“I’m hoping over the next four years they get to know who I am and I get to know who they are and find out together where we have common goals,” Starkey said.
Meanwhile the race for the Area 3 seat for the Del Norte School Board of Trustees is considerably closer than the other races. Out of 9,265 votes cast, challenger Sheryl Steinruck is just 88 votes ahead of incumbent Frank Magarino — 3,145 to 3,057. Even though William Hartwick dropped out of the race, he was unable to get his name removed from the ballot in time. As a result, he still received 2,421 votes.
Magarino said he wants to wait to comment on the results until they have been certified.
“With less than one percent within that margin, and still quite a few ballots to be counted, I just want to wait,” he said.
Steinruck, on the other hand was still buzzing with excitement the day after the election.
“The only thing keeping me together is my skin,” Steinruck said.
Worried the results could be close enough to cause a runoff, she said she’s still joyful and is looking forward to getting on school board if results hold up.
“Personally, what I’d like to accomplish as team player is bring some fresh leadership to the board. I’ve been thinking throughout the campaign, assessing the attitude in our various ethnic communities, based on their needs, I want what’s best for the kids. That’s why we’re called a ‘unified’ school district. I’m hoping things work out positive all the way around.”
In addition to voting for candidates, voters were also asked to weigh in on two measures to raise the sales taxes.
The Crescent City’s Measure S currently leads with 722 yes votes to 369 no votes. If passed by a simple 50 percent plus-one majority, the measure would raise the sales tax within the city limits by 1 cent. Officials said the measure would generate about $1.3 million that would be used to create a hybrid fire department with volunteers and paid staff, maintain staffing levels at the police department, help keep the Fred Endert Municipal Pool open and repair city roads and potholes.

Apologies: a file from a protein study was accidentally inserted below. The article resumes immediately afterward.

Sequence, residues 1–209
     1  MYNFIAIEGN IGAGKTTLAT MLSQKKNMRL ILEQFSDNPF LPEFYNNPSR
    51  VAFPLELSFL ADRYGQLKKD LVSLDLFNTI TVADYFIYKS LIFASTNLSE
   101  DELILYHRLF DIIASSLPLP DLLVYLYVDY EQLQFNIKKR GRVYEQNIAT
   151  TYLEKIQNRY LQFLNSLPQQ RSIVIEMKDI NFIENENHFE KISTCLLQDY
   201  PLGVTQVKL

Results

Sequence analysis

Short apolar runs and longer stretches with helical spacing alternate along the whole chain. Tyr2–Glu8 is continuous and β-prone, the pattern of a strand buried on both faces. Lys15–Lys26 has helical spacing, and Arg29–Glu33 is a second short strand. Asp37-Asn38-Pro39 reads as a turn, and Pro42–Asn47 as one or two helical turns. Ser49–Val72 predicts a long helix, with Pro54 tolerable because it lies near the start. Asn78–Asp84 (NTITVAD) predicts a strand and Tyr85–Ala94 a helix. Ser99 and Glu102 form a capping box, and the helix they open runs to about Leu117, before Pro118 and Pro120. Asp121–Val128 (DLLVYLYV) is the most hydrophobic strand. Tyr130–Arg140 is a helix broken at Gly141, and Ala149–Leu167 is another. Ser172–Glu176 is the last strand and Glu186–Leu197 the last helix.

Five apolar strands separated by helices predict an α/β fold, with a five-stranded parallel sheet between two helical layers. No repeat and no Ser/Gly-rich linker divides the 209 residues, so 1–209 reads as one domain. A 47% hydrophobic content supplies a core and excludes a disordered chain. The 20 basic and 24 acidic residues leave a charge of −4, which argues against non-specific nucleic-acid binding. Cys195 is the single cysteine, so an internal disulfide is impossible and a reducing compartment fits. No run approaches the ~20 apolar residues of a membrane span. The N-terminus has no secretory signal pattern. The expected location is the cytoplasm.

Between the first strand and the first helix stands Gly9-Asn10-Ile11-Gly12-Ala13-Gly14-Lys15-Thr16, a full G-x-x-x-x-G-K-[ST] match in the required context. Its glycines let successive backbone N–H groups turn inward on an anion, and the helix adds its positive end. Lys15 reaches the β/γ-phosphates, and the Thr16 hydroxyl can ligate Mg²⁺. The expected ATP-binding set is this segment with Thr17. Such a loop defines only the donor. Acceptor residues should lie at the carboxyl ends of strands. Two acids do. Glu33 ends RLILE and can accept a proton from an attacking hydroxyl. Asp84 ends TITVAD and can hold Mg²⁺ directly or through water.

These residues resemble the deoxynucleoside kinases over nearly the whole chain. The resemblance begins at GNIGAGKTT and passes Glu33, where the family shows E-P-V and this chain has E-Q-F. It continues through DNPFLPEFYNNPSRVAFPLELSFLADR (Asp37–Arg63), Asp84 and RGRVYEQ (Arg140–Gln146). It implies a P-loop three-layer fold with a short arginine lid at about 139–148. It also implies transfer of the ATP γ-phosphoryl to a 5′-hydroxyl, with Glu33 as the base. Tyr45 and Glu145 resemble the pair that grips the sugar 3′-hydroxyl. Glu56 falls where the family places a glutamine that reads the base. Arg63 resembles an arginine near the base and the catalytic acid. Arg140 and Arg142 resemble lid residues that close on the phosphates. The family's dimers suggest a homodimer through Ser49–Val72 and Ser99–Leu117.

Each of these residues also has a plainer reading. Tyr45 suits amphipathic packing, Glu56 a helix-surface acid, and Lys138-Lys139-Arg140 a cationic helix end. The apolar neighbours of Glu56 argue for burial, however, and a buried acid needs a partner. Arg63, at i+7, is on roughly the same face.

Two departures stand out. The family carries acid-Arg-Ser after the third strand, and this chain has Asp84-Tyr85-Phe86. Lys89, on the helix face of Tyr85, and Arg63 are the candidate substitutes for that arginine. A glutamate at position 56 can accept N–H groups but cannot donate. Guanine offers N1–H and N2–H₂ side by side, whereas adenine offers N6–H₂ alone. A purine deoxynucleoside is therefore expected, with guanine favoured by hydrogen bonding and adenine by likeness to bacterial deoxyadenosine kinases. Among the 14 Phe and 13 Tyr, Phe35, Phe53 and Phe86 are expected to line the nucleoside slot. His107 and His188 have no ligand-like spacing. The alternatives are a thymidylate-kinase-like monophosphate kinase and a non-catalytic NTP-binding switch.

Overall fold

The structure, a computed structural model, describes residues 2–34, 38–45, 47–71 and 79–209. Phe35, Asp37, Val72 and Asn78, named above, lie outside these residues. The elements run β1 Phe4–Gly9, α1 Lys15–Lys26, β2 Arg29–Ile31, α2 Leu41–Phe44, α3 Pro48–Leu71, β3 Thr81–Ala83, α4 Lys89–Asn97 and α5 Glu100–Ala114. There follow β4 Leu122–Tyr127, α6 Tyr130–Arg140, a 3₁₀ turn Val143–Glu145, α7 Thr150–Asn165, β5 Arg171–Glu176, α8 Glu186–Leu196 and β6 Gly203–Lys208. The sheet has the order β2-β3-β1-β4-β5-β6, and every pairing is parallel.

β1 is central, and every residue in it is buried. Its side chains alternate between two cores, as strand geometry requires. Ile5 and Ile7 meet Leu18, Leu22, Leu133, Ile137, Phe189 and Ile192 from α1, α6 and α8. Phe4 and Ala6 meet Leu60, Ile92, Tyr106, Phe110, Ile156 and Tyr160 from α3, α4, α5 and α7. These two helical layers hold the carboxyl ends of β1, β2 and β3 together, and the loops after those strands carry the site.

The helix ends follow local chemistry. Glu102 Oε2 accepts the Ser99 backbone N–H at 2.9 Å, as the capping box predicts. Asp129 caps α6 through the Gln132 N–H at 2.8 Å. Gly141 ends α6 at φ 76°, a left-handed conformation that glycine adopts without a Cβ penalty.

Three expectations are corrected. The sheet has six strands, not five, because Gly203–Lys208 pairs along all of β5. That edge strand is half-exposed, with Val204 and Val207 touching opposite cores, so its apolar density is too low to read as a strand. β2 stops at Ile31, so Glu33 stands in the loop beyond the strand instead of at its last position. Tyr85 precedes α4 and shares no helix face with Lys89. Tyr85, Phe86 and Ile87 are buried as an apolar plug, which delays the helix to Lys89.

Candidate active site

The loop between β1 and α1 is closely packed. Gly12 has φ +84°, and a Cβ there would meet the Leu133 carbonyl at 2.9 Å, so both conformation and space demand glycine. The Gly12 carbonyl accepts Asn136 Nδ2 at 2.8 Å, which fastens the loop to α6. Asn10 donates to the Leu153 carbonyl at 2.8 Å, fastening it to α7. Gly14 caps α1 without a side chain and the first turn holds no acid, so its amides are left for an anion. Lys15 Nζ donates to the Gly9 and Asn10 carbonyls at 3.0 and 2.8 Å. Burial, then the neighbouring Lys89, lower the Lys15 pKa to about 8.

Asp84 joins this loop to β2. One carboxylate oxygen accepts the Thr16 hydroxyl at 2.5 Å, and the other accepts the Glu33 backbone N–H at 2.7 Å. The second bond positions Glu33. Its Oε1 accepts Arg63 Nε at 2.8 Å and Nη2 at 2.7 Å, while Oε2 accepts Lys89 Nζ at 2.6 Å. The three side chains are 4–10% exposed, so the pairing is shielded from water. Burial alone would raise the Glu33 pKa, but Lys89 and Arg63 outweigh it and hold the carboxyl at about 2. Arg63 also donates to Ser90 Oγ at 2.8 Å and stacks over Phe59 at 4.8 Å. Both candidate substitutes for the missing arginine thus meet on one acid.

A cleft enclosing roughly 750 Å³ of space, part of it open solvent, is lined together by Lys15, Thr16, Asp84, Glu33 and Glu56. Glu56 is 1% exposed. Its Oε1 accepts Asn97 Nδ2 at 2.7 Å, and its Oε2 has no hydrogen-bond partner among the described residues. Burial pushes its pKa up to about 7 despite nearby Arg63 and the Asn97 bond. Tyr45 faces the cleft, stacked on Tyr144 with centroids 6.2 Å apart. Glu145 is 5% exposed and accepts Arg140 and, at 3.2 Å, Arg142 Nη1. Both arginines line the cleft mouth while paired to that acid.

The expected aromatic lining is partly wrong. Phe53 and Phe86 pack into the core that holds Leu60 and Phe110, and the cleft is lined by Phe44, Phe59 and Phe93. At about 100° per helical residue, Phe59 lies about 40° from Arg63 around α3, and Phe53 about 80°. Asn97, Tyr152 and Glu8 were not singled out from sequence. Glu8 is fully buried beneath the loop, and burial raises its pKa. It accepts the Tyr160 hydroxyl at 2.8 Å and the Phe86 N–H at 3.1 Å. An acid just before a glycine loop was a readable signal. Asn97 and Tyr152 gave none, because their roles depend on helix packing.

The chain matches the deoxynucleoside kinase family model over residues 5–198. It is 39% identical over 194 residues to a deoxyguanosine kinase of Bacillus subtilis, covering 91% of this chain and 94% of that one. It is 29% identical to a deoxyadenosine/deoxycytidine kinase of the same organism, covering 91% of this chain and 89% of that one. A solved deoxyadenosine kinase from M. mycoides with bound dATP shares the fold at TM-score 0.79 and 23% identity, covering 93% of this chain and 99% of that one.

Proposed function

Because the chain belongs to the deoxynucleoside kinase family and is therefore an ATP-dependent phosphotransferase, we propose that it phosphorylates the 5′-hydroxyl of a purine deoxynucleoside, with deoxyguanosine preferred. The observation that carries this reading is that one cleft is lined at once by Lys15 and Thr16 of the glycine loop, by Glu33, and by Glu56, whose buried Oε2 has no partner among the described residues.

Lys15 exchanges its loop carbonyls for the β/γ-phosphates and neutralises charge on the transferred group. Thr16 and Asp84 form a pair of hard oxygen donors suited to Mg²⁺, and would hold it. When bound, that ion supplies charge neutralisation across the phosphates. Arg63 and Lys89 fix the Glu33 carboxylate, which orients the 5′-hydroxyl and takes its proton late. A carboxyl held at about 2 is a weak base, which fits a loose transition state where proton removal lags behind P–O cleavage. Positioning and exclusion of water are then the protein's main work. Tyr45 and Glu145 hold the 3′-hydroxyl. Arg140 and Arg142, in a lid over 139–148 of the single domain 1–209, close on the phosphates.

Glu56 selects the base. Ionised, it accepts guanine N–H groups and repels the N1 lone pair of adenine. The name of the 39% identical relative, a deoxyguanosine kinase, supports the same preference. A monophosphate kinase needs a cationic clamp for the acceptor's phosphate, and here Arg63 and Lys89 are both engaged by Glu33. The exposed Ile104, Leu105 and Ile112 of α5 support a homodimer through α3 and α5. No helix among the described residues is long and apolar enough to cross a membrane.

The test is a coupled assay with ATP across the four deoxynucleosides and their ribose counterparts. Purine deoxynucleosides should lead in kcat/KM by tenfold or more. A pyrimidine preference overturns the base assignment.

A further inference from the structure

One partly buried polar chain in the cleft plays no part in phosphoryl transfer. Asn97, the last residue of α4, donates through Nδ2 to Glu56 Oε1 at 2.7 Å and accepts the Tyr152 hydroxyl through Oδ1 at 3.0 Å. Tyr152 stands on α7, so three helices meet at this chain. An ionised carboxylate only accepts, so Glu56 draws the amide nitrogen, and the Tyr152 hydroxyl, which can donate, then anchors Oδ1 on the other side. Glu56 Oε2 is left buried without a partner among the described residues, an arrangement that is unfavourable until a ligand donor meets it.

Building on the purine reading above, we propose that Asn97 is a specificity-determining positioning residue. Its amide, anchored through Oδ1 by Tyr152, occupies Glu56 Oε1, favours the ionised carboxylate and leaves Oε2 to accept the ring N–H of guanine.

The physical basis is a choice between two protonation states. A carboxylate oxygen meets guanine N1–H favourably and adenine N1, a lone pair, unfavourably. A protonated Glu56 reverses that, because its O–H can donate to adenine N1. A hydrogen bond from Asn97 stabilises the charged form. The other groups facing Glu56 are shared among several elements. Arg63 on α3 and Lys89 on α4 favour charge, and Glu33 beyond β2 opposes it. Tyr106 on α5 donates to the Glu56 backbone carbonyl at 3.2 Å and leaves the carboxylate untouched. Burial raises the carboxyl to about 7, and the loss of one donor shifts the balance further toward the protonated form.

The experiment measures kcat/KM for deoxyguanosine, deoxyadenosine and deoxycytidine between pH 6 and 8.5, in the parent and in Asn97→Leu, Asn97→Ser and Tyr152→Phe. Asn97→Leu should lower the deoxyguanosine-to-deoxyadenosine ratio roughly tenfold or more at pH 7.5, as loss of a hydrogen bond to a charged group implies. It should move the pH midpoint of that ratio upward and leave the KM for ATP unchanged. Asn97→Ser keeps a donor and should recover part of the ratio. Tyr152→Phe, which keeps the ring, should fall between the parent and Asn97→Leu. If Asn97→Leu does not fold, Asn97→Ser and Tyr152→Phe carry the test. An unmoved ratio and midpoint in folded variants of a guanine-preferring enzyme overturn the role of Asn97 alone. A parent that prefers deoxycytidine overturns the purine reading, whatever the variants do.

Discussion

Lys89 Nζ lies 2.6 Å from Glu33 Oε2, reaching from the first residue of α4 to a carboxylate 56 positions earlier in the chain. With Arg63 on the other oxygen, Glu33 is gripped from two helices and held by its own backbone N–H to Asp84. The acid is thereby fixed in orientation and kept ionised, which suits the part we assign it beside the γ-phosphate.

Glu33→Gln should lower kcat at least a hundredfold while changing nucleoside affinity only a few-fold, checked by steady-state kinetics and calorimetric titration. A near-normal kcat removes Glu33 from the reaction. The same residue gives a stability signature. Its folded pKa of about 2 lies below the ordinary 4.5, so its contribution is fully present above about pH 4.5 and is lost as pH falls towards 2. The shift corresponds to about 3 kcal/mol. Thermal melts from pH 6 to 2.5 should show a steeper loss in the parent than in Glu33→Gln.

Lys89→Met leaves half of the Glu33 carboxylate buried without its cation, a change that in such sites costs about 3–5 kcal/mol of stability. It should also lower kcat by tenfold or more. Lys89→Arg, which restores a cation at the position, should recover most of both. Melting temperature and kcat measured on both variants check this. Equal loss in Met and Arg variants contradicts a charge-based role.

Greenough said he was happy to see Measure S on its way to passing.
“I want to make sure those funds go toward where the city states where it wants to use funds,” Greenough said.
He is definitely in favor of the Measure S funds going toward first responders — including an increase of staffing at the police department by two officers and an investigator and hiring fire captains to help the fire chief manage the Crescent Fire Protection District and the Crescent City Fire Department.
“The great thing about Measure S funds is they remain local,” Greenough added. “I’m looking forward to having citizen advisory committee work with the council to keep our feet to the fire. The more people involved in process, the better.”
Meanwhile, the future of the county’s Measure R is razor thin, with 4,003 yes votes and 3,988 no votes. It, too, needs a 50 percent plus-one margin to pass. County officials have said Measure R will generate about $1.2 million for the county outside Crescent City limits and go toward maintaining emergency dispatch services, repairing potholes and streets, and mitigating public nuisances and blight.